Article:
If 2020 were a game of poker, it’s safe to say we drew a bad hand. While “uncertainty” is the word of the year, it’s easy to forget that we do have control over some things. While much of life (and poker) is chance, it’s possible to change your luck based on how you play your cards.
Human behavior expert Maria Konnikova says poker is the perfect metaphor for life: “The game is a high-risk, high-reward environment where players make critical decisions based on incomplete information.”
In 2017, Konnikova, who holds a Ph.D. in psychology, decided to take on a year-long project: learning poker as a way to better understand the difference between skill and luck. She convinced Poker Hall of Fame inductee Erik Seidel to be her mentor and immersed herself in strategies of the game. After a fair share of setbacks and folds, she eventually started winning. And about a year later, she had earned hundreds of thousands of dollars from Texas Hold’em tournaments, won a major title, and got a sponsor.
“I have a fascination with luck,” says Konnikova, who chronicled her experience and the lessons she learned in her book The Biggest Bluff: How I Learned to Pay Attention, Master Myself, and Win. “I wanted to explore the difference between skill and chance—what we can control, what we can take credit for, and what we can’t. Too often people take credit for the good things and place blame for the bad.”
Poker balances two oppositional forces we have in our life: chance and control. And understanding the rules of each can help you deal with life during the pandemic.
Let Go of the Outcome
Too often, people focus on things they can’t control. It’s a natural response to uncertainty. Even if you have exceptional knowledge and skills, you can’t always control what happens. Chance is the cards that come to you that you can’t know.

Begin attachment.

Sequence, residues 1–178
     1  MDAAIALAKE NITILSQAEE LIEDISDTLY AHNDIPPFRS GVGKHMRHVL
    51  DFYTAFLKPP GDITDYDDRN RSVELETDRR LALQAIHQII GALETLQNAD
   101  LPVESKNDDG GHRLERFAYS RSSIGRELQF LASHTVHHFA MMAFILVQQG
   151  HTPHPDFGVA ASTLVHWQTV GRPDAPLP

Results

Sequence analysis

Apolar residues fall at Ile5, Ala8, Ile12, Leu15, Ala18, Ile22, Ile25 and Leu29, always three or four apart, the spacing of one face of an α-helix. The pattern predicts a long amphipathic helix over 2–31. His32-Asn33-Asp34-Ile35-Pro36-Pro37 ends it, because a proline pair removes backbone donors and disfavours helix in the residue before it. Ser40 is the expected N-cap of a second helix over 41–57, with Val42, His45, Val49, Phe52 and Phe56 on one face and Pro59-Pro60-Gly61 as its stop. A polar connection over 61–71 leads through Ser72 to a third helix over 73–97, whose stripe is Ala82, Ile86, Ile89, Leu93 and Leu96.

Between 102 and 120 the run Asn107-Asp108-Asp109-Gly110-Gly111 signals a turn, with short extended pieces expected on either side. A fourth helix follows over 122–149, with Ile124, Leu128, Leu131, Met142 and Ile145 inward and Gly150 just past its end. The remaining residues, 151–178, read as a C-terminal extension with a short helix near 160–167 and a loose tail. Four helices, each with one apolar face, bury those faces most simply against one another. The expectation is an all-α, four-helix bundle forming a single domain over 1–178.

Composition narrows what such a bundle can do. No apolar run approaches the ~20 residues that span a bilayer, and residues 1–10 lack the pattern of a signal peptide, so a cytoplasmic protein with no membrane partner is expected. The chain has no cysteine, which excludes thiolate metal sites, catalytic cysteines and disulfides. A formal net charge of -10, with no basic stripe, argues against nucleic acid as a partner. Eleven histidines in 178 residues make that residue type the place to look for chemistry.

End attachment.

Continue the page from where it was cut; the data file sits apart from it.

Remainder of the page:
“You can make a good decision and still get a bad outcome,” says Konnikova. “There is no such thing as 100% certainty. Let go of the outcome—divorce yourself from it—and focus on what you can control, which is your process.”
While you can’t control the outcome, you can master your process. Poker teaches you to tell the difference between the two—as long as you don’t go broke first, says Konnikova.
“Poker has a mathematical foundation, but with a dose of human intention, interaction, psychology—nuance, deception, little tricks that don’t quite reflect reality but help you gain an edge over others,” she says.
You have control over the information you focus on and the decisions you make; that’s skill. Learn from what you did wrong, replaying where something got away from you. Recognize what you did right that put yourself in a position to be lucky. And calibrate probability based on what you know and what you don’t know. The more experience you have, the more information you have to draw from, but you must pay attention.
“Based on the limited information you have you can determine probability,” says Konnikova. “Focus on the probability that the next card can improve your hand or improve your opponent’s hand. What are probabilities that will change the board? This is all knowable. That’s what being a good poker player is. The outcome is not a proxy if you did the right things.”
Konnikova says she chose the game of poker to learn about luck and didn’t realize it would teach her about who she is as a person. “Stress and pressure make a very high-stakes environment, and you can get depleted very quickly because you constantly have to be thinking about your next step,” she says. “That’s draining and cognitively emotional. All of your issues and hang-ups, everything you carry with you, comes up.”
The pressure cooker of a tournament can be compared to living through a pandemic. “Right now, we are being bombarded with information overload,” she says. “People want certainty. They want to know when they can start seeing people again. When we’ll have a vaccine. The human brain doesn’t like uncertainties, but we don’t know the answers to these questions.”
Playing poker prepares you to take life one day at a time by playing one hand at a time.
“You can’t focus on the outcome; it’s not controllable,” says Konnikova. “All you can focus on is your process. The outcome does not reflect the quality of your process. If you make a good decision and things didn’t go your way, poker teaches you that things will eventually even out. It feels nicer when you win, but if you can’t handle disappointment, you’ll be a shitty poker player.”